I'm writing a simple utility which accepts a collection of Callable tasks, and runs them in parallel. The hope is that the total time taken is little over the time taken by the longest task. The utility also adds some error handling logic - if any task fails, and the failure is something that can be treated as "retry-able" (e.g. a timeout, or a user-specified exception), then we run the task directly.
I've implemented this utility around an ExecutorService. There are two parts:
- submit() all the Callable tasks to the ExecutorService, storing the Future objects.
- in a for-loop, get() the result of each Future. In case of exceptions, do the "retry-able" logic.
I wrote some unit tests to ensure that using this utility is faster than running the tasks in sequence. For each test, I'd generate a certain number of Callable's, each essentially performing a Thread.sleep() for a random amount of time within a bound. I experimented with different timeouts, different number of tasks, etc. and the utility seemed to outperform sequential execution.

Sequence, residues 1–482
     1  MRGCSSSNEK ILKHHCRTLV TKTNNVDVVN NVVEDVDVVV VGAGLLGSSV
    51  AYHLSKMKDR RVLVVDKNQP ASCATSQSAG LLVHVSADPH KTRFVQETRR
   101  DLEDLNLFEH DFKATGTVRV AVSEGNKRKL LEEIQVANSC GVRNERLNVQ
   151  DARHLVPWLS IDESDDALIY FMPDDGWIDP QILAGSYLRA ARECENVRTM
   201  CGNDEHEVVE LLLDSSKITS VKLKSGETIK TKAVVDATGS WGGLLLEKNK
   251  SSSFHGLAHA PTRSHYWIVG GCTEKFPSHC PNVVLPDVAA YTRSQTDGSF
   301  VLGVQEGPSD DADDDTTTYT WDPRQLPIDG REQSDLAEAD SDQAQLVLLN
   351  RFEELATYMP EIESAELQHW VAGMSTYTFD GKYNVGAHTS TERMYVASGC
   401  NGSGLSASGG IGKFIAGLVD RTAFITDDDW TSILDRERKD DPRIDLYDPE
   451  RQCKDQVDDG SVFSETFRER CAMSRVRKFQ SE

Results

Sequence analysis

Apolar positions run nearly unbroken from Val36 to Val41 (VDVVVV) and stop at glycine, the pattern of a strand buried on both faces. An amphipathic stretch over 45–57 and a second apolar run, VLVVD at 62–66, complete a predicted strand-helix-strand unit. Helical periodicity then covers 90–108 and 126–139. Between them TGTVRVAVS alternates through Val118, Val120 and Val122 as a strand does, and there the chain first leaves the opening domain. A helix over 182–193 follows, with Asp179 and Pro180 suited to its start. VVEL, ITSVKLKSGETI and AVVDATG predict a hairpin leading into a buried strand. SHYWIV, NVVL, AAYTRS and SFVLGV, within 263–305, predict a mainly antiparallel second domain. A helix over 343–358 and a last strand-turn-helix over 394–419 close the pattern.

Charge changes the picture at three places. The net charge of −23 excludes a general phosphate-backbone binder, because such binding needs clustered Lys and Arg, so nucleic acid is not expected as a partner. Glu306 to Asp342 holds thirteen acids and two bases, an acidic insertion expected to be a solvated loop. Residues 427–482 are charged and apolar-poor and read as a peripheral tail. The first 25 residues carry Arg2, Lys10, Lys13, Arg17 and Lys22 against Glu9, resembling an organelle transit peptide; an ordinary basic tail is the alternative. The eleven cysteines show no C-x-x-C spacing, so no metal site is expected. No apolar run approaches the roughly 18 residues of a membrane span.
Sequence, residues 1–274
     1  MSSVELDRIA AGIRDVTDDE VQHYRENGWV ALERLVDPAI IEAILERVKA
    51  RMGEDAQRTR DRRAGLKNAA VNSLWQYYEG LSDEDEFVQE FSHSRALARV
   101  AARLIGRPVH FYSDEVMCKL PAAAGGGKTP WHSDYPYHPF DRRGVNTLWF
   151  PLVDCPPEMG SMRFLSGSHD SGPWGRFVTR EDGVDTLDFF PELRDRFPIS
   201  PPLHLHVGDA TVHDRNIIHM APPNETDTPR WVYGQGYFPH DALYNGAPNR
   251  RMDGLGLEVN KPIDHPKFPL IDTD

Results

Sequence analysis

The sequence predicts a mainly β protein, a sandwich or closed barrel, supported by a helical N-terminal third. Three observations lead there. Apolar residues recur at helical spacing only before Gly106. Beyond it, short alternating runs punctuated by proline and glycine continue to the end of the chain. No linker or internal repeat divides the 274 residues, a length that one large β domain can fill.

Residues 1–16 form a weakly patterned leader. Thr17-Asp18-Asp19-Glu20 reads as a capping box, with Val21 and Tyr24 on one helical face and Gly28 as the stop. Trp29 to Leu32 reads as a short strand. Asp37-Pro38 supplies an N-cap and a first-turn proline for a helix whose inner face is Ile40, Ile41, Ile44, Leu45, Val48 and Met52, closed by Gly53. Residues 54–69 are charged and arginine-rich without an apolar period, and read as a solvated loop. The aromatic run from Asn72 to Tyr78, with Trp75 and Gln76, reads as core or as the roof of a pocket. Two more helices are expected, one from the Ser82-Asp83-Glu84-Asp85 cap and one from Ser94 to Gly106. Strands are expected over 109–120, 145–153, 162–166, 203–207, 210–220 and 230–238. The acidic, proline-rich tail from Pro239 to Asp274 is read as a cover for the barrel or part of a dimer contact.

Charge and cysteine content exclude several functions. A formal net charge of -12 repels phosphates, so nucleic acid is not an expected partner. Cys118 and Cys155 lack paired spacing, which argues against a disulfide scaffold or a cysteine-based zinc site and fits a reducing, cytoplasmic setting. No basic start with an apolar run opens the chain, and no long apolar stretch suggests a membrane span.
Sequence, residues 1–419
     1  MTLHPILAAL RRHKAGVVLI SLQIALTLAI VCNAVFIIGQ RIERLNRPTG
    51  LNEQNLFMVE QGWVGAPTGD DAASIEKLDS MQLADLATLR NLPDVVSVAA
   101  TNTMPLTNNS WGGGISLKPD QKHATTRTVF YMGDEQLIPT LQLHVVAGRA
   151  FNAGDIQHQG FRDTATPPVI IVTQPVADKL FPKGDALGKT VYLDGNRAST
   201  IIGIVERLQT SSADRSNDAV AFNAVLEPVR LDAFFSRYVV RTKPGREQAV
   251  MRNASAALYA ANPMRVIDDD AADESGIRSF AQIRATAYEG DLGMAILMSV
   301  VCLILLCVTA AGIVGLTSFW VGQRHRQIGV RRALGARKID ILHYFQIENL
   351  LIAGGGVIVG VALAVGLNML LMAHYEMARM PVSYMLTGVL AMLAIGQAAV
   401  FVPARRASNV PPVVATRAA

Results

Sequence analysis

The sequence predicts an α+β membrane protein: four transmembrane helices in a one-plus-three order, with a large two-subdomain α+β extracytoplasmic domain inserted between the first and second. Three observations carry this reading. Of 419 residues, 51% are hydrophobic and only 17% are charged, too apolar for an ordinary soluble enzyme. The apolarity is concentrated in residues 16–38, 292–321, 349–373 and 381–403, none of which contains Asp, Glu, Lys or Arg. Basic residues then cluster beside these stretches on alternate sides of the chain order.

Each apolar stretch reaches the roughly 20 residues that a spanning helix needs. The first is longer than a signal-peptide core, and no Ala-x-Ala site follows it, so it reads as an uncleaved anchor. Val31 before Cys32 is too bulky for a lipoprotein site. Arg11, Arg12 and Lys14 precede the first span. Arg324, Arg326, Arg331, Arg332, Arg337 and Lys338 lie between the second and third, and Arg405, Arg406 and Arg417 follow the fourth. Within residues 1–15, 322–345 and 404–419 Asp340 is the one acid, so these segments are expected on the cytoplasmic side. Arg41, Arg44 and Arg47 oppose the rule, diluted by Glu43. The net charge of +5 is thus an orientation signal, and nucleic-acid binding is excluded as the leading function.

But when I added it to the actual system which needs this kind of utility, I saw results that were very variable - sometimes the parallel execution was faster, sometimes it was slower, and sometimes it was faster, but still took a lot more time than the longest individual task.
Am I just doing it all wrong? I know ExecutorService has invokeAll() but that swallows the underlying exceptions. I also tried using a CompletionService to fetch task results in the order in which they completed, but it exhibited more or less the same behavior. I'm reading up now on latches and barriers - is this the right direction for solving this problem?